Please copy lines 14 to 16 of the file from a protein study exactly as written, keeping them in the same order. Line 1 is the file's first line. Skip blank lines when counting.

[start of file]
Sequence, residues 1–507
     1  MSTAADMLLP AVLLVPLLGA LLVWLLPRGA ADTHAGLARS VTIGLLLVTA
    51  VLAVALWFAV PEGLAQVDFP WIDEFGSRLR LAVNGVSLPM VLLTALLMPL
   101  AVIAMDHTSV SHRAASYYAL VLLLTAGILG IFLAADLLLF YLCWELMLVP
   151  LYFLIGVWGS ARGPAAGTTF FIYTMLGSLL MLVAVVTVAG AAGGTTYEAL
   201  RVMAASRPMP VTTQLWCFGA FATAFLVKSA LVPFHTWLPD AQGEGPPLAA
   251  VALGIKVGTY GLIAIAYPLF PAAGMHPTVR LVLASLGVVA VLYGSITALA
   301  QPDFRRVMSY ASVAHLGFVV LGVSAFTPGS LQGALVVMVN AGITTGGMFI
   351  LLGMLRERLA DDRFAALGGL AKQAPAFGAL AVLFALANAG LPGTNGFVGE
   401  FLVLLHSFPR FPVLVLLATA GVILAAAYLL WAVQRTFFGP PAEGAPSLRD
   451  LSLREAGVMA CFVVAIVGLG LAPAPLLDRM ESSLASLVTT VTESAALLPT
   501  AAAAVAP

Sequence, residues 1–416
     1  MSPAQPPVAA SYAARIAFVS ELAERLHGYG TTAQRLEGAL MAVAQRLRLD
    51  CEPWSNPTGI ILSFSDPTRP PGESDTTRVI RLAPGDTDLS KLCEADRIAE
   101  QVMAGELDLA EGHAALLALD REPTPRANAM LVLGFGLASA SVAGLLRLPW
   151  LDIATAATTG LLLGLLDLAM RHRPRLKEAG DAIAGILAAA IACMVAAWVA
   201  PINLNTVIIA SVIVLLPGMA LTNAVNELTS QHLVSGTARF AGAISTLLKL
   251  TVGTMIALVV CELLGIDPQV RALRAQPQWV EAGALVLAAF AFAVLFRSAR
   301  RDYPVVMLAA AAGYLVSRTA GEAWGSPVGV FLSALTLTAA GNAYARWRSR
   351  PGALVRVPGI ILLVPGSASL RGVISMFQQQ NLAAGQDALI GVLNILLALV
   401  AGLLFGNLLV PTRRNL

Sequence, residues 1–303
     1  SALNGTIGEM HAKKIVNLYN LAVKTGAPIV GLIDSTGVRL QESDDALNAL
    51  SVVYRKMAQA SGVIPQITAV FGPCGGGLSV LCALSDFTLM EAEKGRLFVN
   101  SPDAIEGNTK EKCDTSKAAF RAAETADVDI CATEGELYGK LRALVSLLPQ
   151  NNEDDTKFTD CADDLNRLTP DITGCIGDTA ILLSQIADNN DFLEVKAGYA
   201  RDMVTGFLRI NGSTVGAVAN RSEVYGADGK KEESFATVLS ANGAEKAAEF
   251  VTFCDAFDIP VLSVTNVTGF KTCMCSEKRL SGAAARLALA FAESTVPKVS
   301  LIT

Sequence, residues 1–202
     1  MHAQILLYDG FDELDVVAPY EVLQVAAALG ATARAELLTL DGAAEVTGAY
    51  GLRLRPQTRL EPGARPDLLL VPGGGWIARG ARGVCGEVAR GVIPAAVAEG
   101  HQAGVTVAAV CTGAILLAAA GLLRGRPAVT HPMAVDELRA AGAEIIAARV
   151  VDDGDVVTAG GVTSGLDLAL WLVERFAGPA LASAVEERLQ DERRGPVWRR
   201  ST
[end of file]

     1  MSPAQPPVAA SYAARIAFVS ELAERLHGYG TTAQRLEGAL MAVAQRLRLD
    51  CEPWSNPTGI ILSFSDPTRP PGESDTTRVI RLAPGDTDLS KLCEADRIAE
   101  QVMAGELDLA EGHAALLALD REPTPRANAM LVLGFGLASA SVAGLLRLPW